Legislators Ask FCC to Intervene in Sinclair-Mediacom Dispute

Iowa and Alabama lawmakers fear retrans impasse will disrupt college bowl broadcasts if commission does not step in

Related: Kerry: Retrans Impasse Must Not Interrupt Football

Rep. Dave Loebsack (D-Iowa) called FCC Chairman Julius Genachowski Dec. 22 to encourage him to step in to keep Sinclair Broadcast Group's signals on Mediacom systems if the two do not resolve their retransmission consent dispute by Dec. 31.

In particular, Loebsack is concerned that his constituents with cable could lose access to

Fox affiliate KFXA in Cedar Rapids, Iowa, which is carrying the Orange Bowl Jan. 5 between the Iowa Hawkeyes and Georgia Tech Yellow Jackets.

According to a statement from the Congressman's office, Loebsack encouraged Genachowski "to help protect the interests of Iowans." The FCC has yet to act on an emergency petition filed by Mediacom for interim carriage while the FCC considers its retransmission consent complaint against Sinclair for allegedly not negotiating in good faith.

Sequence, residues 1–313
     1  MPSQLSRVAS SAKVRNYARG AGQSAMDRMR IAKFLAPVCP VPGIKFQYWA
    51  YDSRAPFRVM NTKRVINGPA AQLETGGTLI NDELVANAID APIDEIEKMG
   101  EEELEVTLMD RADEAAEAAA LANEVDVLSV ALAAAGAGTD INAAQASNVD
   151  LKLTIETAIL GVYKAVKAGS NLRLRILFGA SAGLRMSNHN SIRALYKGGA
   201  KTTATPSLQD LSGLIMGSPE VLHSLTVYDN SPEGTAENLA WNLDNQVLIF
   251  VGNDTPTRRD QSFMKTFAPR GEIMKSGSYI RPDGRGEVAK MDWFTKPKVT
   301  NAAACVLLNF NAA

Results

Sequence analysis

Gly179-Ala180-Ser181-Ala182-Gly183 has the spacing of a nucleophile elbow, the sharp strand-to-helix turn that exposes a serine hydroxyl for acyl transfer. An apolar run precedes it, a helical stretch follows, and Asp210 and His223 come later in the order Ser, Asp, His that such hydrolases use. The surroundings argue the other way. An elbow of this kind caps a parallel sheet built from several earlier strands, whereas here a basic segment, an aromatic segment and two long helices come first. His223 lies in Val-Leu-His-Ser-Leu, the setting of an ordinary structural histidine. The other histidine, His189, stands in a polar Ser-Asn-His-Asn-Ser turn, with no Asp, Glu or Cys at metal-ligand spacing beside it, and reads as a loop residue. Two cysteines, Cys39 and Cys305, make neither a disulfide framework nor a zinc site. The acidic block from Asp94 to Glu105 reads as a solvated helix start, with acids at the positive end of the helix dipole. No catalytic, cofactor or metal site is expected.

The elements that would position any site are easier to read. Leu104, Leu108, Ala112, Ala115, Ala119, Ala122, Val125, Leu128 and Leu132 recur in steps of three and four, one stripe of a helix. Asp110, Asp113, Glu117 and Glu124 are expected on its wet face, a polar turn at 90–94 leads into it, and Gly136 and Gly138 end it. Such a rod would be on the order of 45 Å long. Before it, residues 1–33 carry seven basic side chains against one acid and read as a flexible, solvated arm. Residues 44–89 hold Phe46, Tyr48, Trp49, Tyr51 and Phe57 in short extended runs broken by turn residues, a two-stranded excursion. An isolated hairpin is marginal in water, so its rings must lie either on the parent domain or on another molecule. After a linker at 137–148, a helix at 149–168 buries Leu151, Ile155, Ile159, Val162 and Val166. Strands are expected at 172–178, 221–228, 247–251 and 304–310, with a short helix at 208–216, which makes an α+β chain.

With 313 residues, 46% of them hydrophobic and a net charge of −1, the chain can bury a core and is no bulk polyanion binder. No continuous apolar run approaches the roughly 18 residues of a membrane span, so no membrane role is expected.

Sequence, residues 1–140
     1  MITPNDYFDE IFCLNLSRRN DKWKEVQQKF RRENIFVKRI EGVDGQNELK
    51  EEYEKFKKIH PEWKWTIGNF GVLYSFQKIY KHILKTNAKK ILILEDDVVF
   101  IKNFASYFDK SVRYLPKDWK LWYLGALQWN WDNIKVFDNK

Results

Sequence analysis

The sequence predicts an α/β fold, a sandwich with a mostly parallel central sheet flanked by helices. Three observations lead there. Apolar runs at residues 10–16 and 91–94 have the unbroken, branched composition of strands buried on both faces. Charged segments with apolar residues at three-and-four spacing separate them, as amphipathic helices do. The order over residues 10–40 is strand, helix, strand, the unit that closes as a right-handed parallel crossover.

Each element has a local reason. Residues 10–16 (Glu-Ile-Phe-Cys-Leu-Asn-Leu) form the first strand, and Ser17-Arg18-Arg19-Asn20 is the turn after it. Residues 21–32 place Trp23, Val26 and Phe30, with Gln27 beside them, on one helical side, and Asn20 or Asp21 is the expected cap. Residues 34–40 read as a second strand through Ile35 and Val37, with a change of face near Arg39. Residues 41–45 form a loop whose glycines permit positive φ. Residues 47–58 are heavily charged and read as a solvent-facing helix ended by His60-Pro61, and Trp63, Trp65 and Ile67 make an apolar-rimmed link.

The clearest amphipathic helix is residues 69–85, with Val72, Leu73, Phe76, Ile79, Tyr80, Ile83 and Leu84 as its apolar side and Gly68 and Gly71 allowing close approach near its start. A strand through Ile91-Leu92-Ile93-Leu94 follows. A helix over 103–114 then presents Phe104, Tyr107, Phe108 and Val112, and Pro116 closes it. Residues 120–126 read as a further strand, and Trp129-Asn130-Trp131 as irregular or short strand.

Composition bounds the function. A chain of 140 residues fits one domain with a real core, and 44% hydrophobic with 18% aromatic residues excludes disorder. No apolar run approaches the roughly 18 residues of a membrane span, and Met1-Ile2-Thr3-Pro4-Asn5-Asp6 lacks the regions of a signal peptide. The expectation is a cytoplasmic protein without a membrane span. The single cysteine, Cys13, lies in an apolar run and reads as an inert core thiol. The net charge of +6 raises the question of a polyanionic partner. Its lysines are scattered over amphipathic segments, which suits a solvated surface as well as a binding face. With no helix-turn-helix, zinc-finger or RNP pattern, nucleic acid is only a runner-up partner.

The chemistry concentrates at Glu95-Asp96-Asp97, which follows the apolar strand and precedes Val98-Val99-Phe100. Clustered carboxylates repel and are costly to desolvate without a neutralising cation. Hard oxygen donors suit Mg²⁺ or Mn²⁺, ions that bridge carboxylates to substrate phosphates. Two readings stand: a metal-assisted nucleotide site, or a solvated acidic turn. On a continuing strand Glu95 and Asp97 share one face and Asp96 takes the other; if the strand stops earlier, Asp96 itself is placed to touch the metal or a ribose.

Loebsack wrote the commission last month as part of the Iowa congressional delegation saying that up to 1 million Iowans would "lose access" to key stations, though there is still the option of over-the-air reception.

Loebsack was not the only legislator weighing in on the issue. In a letter to the chairman dated Dec. 22, Alabama Republican Senators Jeff Sessions and Richard Shelby and Alabama Republican Rep. Jo Bonner pointed out that "thousands" of Alabama fans might not get to see the Bowl Championship game between Alabama and Texas on Jan. 7. They said they were not taking sides in the dispute, but also said it was imperative that the FCC step in to prevent the Sinclair signal from exiting Mediacom systems, which by contract will happen Dec. 31 if a deal is not reached.